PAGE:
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What Is Encryption?

  • Encryption is the process of transforming data such that it can only be deciphered and understood by specific parties.
  • Cryptanalysis is the study of how to break encryption schemes and decipher encrypted messages without the decryption key.
  • Encryption technology is constantly evolving as new encryption schemes are created and broken.
  • Encryption is used to protect digital secrets such as Bitcoin private keys and other data.

What Is Encryption?

Encryption is the process of transforming data such that it can only be deciphered and understood by specific parties. Encryption protects sensitive data or information by making it incomprehensible to all unauthorized parties. Decryption is the opposite of encryption; it transforms previously incomprehensible data into a meaningful message.

Encryption uses an encryption key to transform the data from a plaintext message to a ciphertext, and decryption uses a decryption key to transform the ciphertext back to the original message.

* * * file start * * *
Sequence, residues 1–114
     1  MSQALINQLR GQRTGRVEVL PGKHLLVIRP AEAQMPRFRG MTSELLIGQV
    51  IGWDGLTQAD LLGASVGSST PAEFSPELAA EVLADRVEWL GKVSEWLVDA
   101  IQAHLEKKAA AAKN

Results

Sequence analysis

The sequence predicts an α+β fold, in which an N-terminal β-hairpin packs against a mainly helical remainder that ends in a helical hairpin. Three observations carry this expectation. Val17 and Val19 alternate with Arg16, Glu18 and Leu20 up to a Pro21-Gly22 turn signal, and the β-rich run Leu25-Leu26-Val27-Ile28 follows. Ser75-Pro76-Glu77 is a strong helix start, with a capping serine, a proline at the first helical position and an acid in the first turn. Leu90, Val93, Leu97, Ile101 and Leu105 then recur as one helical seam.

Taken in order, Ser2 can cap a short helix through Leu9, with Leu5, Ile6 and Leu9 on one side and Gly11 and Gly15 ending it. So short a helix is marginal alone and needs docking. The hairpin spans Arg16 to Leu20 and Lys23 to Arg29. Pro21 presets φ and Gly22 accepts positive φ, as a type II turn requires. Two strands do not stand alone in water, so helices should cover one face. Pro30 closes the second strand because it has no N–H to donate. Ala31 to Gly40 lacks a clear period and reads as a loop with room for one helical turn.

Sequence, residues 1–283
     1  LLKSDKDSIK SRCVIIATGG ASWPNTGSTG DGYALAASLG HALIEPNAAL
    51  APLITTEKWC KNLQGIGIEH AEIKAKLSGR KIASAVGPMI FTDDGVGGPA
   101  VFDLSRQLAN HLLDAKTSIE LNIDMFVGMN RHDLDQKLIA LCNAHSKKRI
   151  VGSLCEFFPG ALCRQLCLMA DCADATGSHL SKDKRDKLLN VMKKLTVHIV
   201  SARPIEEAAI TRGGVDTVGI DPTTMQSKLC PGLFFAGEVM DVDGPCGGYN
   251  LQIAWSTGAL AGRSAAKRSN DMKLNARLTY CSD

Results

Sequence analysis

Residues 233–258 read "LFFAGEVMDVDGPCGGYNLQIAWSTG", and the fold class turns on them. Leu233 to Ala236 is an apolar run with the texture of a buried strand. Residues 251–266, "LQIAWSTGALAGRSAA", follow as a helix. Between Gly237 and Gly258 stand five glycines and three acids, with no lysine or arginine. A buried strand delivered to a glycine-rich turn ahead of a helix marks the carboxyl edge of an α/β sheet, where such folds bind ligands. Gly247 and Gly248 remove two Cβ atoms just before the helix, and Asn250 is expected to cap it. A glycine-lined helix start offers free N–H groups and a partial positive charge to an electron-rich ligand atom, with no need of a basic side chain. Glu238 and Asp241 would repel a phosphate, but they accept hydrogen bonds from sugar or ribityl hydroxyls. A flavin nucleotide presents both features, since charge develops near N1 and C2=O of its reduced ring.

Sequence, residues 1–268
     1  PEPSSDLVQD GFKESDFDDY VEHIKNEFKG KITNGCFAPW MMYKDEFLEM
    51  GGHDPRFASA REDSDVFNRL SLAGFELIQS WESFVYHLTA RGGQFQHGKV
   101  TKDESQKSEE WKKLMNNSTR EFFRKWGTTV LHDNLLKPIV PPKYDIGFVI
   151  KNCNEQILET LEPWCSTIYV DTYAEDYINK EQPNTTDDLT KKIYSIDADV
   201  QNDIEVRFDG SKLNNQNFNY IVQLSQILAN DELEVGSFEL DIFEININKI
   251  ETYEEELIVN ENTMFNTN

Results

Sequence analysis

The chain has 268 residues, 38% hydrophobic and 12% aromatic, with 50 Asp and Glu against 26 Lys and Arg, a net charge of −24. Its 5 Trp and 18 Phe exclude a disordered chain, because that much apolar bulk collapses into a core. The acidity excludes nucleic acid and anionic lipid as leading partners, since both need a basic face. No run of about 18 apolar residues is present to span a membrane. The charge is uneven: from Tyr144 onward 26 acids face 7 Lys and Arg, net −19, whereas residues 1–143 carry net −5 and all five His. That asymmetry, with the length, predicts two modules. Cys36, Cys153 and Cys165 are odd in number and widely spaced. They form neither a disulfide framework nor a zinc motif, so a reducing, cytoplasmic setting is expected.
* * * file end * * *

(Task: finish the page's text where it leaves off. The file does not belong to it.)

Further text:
The goal of strong encryption is to ensure that any plaintext message can be encrypted into ciphertext, which can then only be decrypted by those who control the decryption key. No other data, including the ciphertext and any metadata about the message, should allow someone to decrypt the message without the decryption key.

Encryption Throughout History

Different types of encryption, called encryption schemes have been used to protect all types of secrets since antiquity. Early uses of encryption include the protection of trade secrets and, most significantly, the secure transmission of military secrets.

Early Ciphers

An early example, the Caesar Cipher, was used by the Roman military. A cipher is a simple encryption scheme which substitutes every letter of the alphabet with another letter. Ciphers were relatively simple to encrypt and decrypt by hand, as long as the sender and receiver used the same substitution set. However, as technology and cryptographic knowledge advanced, ciphers were revealed to be insecure due to frequency analysis.

Frequency Analysis

Since almost all languages use some letters more than others, a simple substitution cipher such as the Caesar Cipher is vulnerable to frequency analysis. By counting the occurrences of each letter in the ciphertext, an attacker can easily determine which ciphertext letters correspond to which plaintext letters.

In English for example, the letters E, T, A, and O are most common, while X, Q, J, and Z are least common. Thus, if a ciphertext uses the letter M the most, M likely corresponds with E, T, A, or O. This method makes all substitution ciphers insecure.

Cryptanalysis